It’s hard to believe there’s not a good solution to the problem of API composition. There are so many platforms to help you find APIs, make that initial connection, and even call a single API.
Developing any application in a world powered by SaaS requires you to work with and cater to numerous APIs. That wasn’t always the case.
When I first started out at Apple as an application frameworks engineer, components that people built would render from a single data source, almost always a local database. But by the time I joined the engineering team at Twitter in 2009, the world had moved to an API-driven ecosystem. At Twitter, we used APIs for internal microservice communication as well as to publicize data to external developers. Having to glue together all these APIs, both internal and external, was pure drudgery that resulted in a lot of spaghetti code. Composing APIs for developers who haven’t been working with them for the past decade can be mind-bogglingly complex.
It’s hard to believe there’s not a good solution to the problem of API composition. There are so many platforms to help you find APIs, make that initial connection, and even call a single API. But there is no dedicated platform that helps weave data from APIs together in a streamlined way — while also handling the numerous operational chores required from modern APIs, like authentication, pagination, retries, and so much more.
This is a layer that needs to exist, and for the past two years, we’ve been building Transposit as the solution to this problem.
While a database has unfettered access to its raw data on disk, APIs protect your data with authentication. To make a relational engine work in this new data landscape, we’ve built in authentication management not only for you as a developer accessing your own data, but also for all your application’s users and their data sources. The result is a seamless way to query data regardless of where it lives.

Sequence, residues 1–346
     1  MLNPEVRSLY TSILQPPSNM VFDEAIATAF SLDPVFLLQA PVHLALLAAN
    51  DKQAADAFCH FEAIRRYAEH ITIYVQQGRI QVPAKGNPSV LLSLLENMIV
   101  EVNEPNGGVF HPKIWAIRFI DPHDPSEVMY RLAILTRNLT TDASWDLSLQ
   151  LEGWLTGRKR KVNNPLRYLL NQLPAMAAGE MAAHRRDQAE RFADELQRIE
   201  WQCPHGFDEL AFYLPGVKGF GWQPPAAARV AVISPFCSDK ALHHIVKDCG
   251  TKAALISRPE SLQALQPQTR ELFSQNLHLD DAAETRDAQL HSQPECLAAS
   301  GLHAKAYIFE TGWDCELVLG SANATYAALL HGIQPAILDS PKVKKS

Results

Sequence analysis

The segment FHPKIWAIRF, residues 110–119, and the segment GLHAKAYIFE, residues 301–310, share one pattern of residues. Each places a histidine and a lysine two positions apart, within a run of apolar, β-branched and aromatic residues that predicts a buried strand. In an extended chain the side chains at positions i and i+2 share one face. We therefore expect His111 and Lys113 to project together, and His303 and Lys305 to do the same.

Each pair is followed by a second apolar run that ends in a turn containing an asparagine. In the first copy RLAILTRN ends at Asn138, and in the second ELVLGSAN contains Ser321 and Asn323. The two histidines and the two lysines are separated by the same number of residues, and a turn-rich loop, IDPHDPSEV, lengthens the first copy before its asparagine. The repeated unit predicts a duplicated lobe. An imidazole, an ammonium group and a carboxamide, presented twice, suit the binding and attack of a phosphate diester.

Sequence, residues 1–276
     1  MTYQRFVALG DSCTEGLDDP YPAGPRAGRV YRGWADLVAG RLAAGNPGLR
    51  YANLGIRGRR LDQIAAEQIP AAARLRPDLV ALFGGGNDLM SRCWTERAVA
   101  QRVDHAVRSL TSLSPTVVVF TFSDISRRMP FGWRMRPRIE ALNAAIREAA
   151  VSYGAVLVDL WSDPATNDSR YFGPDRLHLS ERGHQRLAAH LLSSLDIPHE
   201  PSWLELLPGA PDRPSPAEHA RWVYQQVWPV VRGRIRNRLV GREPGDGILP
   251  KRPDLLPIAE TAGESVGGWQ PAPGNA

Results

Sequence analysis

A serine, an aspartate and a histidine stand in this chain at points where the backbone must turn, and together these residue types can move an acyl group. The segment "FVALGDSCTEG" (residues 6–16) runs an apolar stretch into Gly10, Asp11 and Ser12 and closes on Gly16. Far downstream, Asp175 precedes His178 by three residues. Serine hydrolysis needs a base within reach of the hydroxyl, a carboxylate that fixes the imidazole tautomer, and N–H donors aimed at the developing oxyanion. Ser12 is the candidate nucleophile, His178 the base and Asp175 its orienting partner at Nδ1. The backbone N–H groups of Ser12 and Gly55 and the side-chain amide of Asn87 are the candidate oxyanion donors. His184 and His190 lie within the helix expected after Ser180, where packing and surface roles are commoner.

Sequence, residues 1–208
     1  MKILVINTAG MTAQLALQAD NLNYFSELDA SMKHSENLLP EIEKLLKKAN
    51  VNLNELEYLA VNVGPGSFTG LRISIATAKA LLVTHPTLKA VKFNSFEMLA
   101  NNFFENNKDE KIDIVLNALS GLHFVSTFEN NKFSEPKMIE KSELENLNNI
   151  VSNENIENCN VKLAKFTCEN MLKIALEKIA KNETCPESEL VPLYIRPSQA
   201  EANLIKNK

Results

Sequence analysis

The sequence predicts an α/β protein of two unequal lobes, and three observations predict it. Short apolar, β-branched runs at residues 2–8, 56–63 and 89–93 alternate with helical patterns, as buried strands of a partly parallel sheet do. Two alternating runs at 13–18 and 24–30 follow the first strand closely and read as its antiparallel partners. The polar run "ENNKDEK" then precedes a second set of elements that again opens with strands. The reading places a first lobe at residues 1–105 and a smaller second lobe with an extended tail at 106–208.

Transposit abstracts away the details of specific API mechanics and lets you focus on the code that makes your application unique. It does this by allowing you to easily express your intent in a higher-level language of joins and filters, then translating that intent into a number of optimized API calls. It deals with all aspects of communicating with modern APIs such as retries, re-auth, and pagination. It implements security best practices so that you don’t have to. The UI provides an interactive and playful way for you to explore your data as you build your application. For example, teams often use Slack to communicate and triage issues that happen during production incidents. So let’s say you want to make it easy to file a bug in Jira and attach some production logs stored in AWS Cloudwatch, all from within your Slack triage channel.
To do this without Transposit, you would need to learn the intricacies of the Jira, AWS, and Slack APIs. You’d also need to host a server to receive the Slack webhook, securely store credentials, and implement a bunch of tedious logic. All this work makes it too daunting and too frustrating to build — even though this would be an amazing time saver during an actual incident.
Enter Transposit: now you have the ability to rapidly compose logic across multiple APIs without having to handle any of the API complexities. You can quickly build an application and have Transposit manage all of the deployment details. The joy of Transposit is that it’s fast and fun to turn your idea into an application, and it’s also easy to debug, improve, and share it with others.